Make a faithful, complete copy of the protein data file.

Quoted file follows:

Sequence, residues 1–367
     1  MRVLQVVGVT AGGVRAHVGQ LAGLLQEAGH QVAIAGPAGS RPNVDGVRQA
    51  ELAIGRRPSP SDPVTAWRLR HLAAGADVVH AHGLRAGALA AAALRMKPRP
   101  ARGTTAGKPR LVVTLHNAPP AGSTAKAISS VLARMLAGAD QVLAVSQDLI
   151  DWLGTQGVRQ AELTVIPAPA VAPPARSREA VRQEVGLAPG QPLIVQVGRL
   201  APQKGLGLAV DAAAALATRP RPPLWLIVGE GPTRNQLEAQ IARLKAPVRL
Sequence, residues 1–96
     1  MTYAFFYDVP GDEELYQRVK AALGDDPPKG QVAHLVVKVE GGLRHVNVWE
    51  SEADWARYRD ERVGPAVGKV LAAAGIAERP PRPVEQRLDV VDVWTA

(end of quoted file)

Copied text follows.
Sequence, residues 1–367
     1  MRVLQVVGVT AGGVRAHVGQ LAGLLQEAGH QVAIAGPAGS RPNVDGVRQA
    51  ELAIGRRPSP SDPVTAWRLR HLAAGADVVH AHGLRAGALA AAALRMKPRP
   101  ARGTTAGKPR LVVTLHNAPP AGSTAKAISS VLARMLAGAD QVLAVSQDLI
   151  DWLGTQGVRQ AELTVIPAPA VAPPARSREA VRQEVGLAPG QPLIVQVGRL
   201  APQKGLGLAV DAAAALATRP RPPLWLIVGE GPTRNQLEAQ IARLKAPVRL
Sequence, residues 1–96
     1  MTYAFFYDVP GDEELYQRVK AALGDDPPKG QVAHLVVKVE GGLRHVNVWE
    51  SEADWARYRD ERVGPAVGKV LAAAGIAERP PRPVEQRLDV VDVWTA